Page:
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Compound Complex Sentences Study Guide

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Updated on Sep 22, 2011

Compound Complex Sentences

Grammar is the logic of speech, even as logic is the grammar of reason.

RICHARD C. TRENCH (1807–1886) ENGLISH ARCHBISHOP AND POET

If you want your sentences to be more complex and advanced, you must know how to combine sentences. Learn how to do just that in this lesson.

Do you remember when you were first learning to read? Most of the sentences you practiced with were simple and short, which was very helpful. Now that you're an advanced reader, you would find those same sentences monotonous and uninteresting. Good readers like sentences that vary in length and complexity; writers achieve this through sentence combining.

Simple Sentences

We know that simple sentences (independent clauses) contain a simple subject and a simple predicate. Look at the following combinations you could use to make a basic simple sentence (these examples don't include any words, phrases, or clauses that could be added for detail).

Now, let's look at two other basic sentence types in writing: the compound sentence and the complex sentence.

Compound Sentences

When we combine two independent clauses (or simple sentences) into one sentence, we create a compound sentence. Creating compound sentences helps make our writing less choppy. To do this, we take two or more topic-related sentences and join them together with one of the coordinating conjunctions (for, and, nor, but, or, yet, or so) or join them with a semicolon.

The sun was shining. The weather was warm. I went to the beach.

Some possible combinations would be:

The sun was shining and the weather was warm, so I went to the beach.
The weather was warm and the sun was shining, so I went to the beach.
I went to the beach for the sun was shining and the weather was warm.
The sun was shining and the weather was warm; I went to the beach.
The weather was warm and the sun was shining; I went to the beach.
I went to the beach: The sun was shining and the weather was warm.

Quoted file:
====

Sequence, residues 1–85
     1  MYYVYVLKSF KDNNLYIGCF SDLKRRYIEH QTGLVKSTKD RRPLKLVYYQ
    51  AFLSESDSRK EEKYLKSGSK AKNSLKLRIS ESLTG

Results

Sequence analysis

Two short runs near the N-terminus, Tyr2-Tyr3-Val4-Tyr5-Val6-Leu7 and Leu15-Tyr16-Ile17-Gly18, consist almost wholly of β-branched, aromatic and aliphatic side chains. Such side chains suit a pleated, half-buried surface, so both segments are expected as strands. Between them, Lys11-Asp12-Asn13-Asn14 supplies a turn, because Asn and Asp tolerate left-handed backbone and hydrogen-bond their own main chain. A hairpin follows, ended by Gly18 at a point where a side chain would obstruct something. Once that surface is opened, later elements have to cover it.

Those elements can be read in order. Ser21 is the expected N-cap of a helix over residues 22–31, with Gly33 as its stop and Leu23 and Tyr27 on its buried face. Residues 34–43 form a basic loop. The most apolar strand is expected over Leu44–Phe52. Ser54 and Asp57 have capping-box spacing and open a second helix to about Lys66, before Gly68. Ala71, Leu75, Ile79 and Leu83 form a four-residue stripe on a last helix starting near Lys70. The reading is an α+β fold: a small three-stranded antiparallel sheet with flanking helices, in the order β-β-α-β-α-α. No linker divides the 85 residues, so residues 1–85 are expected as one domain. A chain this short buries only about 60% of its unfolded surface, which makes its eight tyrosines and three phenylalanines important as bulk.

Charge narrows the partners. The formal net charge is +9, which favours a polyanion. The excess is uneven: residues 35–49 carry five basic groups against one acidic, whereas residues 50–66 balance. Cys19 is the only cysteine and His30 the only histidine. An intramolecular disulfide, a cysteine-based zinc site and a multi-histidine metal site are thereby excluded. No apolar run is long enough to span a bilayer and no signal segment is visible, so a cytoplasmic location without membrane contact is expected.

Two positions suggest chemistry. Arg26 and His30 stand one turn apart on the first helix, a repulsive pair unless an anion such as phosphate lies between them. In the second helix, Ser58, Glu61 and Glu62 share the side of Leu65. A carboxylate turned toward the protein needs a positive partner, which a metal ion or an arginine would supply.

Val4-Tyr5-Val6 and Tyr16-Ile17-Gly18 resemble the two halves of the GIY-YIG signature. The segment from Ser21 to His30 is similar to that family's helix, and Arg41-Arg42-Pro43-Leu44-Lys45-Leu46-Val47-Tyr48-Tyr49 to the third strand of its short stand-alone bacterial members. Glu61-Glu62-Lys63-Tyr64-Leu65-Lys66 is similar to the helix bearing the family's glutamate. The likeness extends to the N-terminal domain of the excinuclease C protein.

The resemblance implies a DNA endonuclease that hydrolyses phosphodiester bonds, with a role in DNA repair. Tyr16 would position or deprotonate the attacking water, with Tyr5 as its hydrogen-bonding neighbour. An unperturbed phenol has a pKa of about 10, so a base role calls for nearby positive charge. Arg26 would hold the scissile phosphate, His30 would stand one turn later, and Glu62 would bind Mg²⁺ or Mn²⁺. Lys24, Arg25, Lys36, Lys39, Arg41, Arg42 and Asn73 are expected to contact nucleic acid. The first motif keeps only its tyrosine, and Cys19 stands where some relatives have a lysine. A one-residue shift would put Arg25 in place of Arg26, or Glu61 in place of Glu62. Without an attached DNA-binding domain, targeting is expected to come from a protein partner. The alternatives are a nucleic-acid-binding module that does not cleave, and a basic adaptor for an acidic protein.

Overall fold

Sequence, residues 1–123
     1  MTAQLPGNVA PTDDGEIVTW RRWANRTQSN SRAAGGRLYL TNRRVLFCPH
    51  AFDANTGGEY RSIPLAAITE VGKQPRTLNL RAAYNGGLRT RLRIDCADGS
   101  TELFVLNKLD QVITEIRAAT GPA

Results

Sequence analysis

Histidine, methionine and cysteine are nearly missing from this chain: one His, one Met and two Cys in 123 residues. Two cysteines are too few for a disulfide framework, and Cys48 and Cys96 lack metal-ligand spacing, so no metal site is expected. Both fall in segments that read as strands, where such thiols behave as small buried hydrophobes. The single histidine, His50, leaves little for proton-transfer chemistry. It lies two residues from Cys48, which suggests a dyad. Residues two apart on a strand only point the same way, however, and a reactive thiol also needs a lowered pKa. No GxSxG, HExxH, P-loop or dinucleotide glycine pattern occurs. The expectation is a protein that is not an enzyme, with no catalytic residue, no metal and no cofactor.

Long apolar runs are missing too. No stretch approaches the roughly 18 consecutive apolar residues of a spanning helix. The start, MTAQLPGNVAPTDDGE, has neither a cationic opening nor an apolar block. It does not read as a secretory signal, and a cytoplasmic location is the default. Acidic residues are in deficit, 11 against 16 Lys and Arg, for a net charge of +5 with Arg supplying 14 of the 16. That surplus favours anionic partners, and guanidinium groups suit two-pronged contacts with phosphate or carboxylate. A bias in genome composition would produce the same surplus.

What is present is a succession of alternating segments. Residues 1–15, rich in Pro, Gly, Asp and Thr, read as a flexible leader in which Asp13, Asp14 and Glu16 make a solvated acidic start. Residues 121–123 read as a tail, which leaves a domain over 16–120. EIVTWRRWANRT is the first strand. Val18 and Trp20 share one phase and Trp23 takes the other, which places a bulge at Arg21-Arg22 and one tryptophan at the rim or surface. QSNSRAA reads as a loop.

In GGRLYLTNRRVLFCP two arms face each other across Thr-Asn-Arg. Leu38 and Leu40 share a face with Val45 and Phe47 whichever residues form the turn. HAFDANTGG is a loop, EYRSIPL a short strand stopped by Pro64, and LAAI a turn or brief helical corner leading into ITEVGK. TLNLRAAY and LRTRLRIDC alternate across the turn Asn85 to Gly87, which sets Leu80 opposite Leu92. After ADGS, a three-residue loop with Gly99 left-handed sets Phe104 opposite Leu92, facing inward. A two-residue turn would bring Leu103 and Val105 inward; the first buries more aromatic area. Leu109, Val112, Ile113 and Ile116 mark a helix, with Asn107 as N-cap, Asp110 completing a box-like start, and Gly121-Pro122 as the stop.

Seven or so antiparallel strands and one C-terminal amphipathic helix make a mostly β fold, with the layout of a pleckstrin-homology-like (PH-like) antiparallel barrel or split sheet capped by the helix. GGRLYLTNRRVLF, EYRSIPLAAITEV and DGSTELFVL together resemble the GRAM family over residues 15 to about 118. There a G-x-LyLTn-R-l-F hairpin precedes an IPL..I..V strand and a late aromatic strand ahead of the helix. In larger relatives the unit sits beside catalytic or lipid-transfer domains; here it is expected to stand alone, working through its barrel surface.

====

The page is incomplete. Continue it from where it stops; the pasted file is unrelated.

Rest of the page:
The coordinating conjunction or works well in sentences where choice is involved, and nor works well when the expressions are negative. Using but and yet works well in sentences where there is dissimilarity between the expressions.

Complex and Compound-Complex Sentences

Complex sentences follow the same idea as compound sentences, except that they are made up of one independent clause and one or more subordinate (dependent) clauses. For example:

Because the weather was warm, I went to the beach.
I went to the beach because the weather was warm.

Let's add another subordinate clause:

I went to the beach because the weather was warm, even though it was a weekday.
Because the weather was warm, I went to the beach, even though it was a weekday.
Even though it was a weekday, because the weather was warm, I went to the beach.
I went to the beach even though it was a weekday, because the weather was warm.

Finally, there are compound-complex sentences, which have at least two independent clauses and one or more subordinate clauses:

Even though it was a weekday and I should have been in school, I went to the beach.
I went to the beach even though it was a weekday and I should have been in school.

Let's add another subordinate clause:

Because the weather was warm, I went to the beach, even though it was a weekday and I should have been in school.

Exercises for this concept can be found at Compound Complex Sentences Practice Exercises.

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